Review: Piobaireachd is for Everyone by Dan Nevans

Reading of this book, I imagined it would make ceòl mòr more accessible to pipers who had little interest in it, hopefully inspiring them, and that it would help listeners gain greater enjoyment from performances. This has been attempted in the past and proved a tall order.

There have been publications on the theme of piobaireachd appreciation before and Seumas MacNeil’s ‘Piobaireachd’ [available here] is one of the more successful.

‘Piobaireachd is for Everyone’ runs to 196 pages with an introduction followed by 16 chapters. In the introduction, the author refers to his early thoughts that ‘real pipers’ played piobaireachd. He felt there was haughtiness among those who played this music and I can identify with this.

By Duncan Watson

Dan Nevans is an instructor at the National Piping Centre. With that, and being a member of the Piobaireachd Society, he has access to a considerable archive. The book is an anthology of articles with comments. He includes a large amount of references relating to each chapter with interesting photographs included.

Chapter 1, headed ‘Dead White Men’, postulates the origin of the music and refers to the probability of influences imported from the European mainland. He refers to ancient Hurrian Hymns inviting readers to access what is known as No6 online [below].

It is allegedly our oldest piece of music and is written on a tablet and played on a stringed instrument. Thus the melody would lend itself to being sung. There are differing rhythms in the piece and melodic passages. Whether this sort of music was the embryo of piobaireachd must be for the reader to assess, but I found it interesting.

In Chapter 8 there is reference to John MacDonald (Inverness) and ‘The Bobs of Balmoral’ (RB Nicol and RU Brown) who were his pupils. (‘The Bobs’ are featured in the CD series ‘The Masters of Piobaireachd’ which is a direct reference to MacDonald’s teaching.) Teaching is also touched on in Chapter 13.

Incidentally, it is John MacDonald who is featured on the front cover of the book, uncharacteristically in civilian clothes and Balmoral bonnet.



Piping is so immersed in competition that it is appropriate that the author refers to this and how the playing on the competition platform has sustained the interest in the music. 

However, contrary to the book’s title, it should be acknowledged that piobaireachd is not for everyone and an example is the late Hugh MacInnes. He is referred to briefly in the book. He was a scintillating player of light music and had the opportunity to study and play piobaireachd and may have done so to some degree; but his forté was the light music.

Other examples are the late P/M Iain McLeod, Edinburgh Police and P/M Ian McLellan, Strathclyde Police. They were excellent competitive players of light music. Ian MacLellan served in the armed forces and his Pipe Major was Andrew Pitkeathly. He had the opportunity to study piobaireachd but concentrated his efforts on the bands instead. Ian and Iain became two of the most outstanding pipe majors in history. That they had little or no interest in ceòl mòr did not diminish them as pipers.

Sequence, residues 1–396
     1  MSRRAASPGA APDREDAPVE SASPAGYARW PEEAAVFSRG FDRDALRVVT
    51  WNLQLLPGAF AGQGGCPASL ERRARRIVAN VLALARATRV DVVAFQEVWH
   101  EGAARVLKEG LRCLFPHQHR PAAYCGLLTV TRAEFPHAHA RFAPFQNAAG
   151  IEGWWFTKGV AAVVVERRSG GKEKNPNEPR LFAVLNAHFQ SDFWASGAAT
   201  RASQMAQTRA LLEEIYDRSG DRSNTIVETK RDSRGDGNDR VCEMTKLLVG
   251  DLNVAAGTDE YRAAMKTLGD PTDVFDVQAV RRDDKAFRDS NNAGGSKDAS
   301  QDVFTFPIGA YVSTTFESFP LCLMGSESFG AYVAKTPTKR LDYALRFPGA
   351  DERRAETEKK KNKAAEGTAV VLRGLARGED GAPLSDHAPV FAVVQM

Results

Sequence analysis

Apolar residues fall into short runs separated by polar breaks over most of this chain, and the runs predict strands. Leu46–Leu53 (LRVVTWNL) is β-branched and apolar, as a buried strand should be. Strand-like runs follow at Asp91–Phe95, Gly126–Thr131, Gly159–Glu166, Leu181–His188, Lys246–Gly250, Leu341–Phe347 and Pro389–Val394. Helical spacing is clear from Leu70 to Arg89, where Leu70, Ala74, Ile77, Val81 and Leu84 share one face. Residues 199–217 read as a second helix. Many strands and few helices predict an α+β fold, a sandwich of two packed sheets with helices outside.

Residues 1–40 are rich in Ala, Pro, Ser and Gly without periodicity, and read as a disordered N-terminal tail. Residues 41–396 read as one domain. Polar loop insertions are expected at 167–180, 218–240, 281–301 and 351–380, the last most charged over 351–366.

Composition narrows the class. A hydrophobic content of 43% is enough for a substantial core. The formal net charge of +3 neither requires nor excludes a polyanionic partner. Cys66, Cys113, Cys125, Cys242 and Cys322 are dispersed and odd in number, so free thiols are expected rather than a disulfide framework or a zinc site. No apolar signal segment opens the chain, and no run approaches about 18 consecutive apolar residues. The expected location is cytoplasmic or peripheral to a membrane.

Chapter 14 is headed ‘What makes a Piobaireachd, a Piobaireachd?’ This has previously been addressed by Professor Alex Haddow in his book, ‘The History and Structure of Ceol Mor’, available here. Dan too refers to construction and has examples of colour coded bars and phrases. I am not sure if this helps in teaching an early beginner. There are very experienced players who are not conversant with it.

The author

The colour-coded Binneas is Boreraig,  produced by Dr Roderick Ross and Malcolm MacPherson, is briefly referred to in chapter 7. It is in a form of staff notation, but bar lines are dispensed with and the music is reproduced basically in two bar phrases. As in all music, phrasing is extremely important and probably because the bagpipe does not have the facility of increasing or decreasing volume to provide expression, understanding and delineating the phrases in a musical way is essential. The Binneas is Boreraig idea is helpful in this and would have been worthy of greater attention by Dan. 

There is reference to piobaireachd being performed on the bagpipe accompanied by other instruments. Maybe this is an effort to make it more popular and it might have that effect, but could it maybe have the opposite effect, diluting interest in time? 

This book sets out with a laudable aim and Dan is a young man who deserves all credit for having the confidence to put pen to paper. I hope his book will whet the appetite of pipers and enthusiasts and urge them on to learn more of the music.

  • ‘Piobaireachd is for Everyone’ is available here priced £14.

2 thoughts on “Review: Piobaireachd is for Everyone by Dan Nevans

  1. The phrase “Dead White Men” has been around a long time and has a rather specific meaning. It is not offensive to those who understand its origins. Woke or no, it is not a comment on par with what Seamus MacNeil used to archaically refer to in his writings and BBC recordings as “race”. That was silly romantic nonsense then and now.

  2. Dan Nevans postulates an idea that piobaireachd may have been influenced by, or have origins with ancient melodies. The video was pleasant and interesting, but it could be argued that it was entirely extempore utilising the mellifluous sounds made by the lyre or harp to sustain interest, rather than tightly written and re-playable music. This contrasts extremely with what we know of the origins of piobaireachd and I find it somewhat difficult to extrapolate the thinking of a connection between these two genres. Of course, everyone is entitled to their view in this, but it has to be said that it is a hell of a leap. I would also worry, in these days of the ‘woke’ culture invading our lives, by the term ‘Dead White Men?’

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